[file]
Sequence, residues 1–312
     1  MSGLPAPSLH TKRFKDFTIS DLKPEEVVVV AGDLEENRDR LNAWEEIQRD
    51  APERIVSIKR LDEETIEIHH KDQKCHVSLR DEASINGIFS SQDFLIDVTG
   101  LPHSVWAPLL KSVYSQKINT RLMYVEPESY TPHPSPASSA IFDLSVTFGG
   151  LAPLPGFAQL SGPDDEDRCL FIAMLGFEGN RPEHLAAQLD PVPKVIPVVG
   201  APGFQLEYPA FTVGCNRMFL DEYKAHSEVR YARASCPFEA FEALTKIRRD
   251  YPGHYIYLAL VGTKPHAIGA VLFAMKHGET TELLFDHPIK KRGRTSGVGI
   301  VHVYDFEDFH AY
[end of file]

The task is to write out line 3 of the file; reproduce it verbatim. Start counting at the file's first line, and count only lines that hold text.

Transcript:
    51  APERIVSIKR LDEETIEIHH KDQKCHVSLR DEASINGIFS SQDFLIDVTG